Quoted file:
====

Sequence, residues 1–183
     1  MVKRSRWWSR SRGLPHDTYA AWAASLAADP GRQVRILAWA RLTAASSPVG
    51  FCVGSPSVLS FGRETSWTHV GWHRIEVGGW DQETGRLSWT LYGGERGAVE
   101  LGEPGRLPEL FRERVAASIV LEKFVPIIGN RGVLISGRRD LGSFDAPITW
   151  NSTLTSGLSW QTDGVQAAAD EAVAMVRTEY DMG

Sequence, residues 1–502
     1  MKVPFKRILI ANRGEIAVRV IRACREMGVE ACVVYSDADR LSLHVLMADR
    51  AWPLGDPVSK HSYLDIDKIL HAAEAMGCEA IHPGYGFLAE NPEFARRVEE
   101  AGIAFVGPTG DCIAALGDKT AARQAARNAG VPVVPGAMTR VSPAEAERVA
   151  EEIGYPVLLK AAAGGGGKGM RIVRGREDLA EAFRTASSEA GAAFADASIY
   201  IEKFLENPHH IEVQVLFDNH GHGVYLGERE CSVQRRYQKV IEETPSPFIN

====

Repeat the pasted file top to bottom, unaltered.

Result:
Sequence, residues 1–183
     1  MVKRSRWWSR SRGLPHDTYA AWAASLAADP GRQVRILAWA RLTAASSPVG
    51  FCVGSPSVLS FGRETSWTHV GWHRIEVGGW DQETGRLSWT LYGGERGAVE
   101  LGEPGRLPEL FRERVAASIV LEKFVPIIGN RGVLISGRRD LGSFDAPITW
   151  NSTLTSGLSW QTDGVQAAAD EAVAMVRTEY DMG

Sequence, residues 1–502
     1  MKVPFKRILI ANRGEIAVRV IRACREMGVE ACVVYSDADR LSLHVLMADR
    51  AWPLGDPVSK HSYLDIDKIL HAAEAMGCEA IHPGYGFLAE NPEFARRVEE
   101  AGIAFVGPTG DCIAALGDKT AARQAARNAG VPVVPGAMTR VSPAEAERVA
   151  EEIGYPVLLK AAAGGGGKGM RIVRGREDLA EAFRTASSEA GAAFADASIY
   201  IEKFLENPHH IEVQVLFDNH GHGVYLGERE CSVQRRYQKV IEETPSPFIN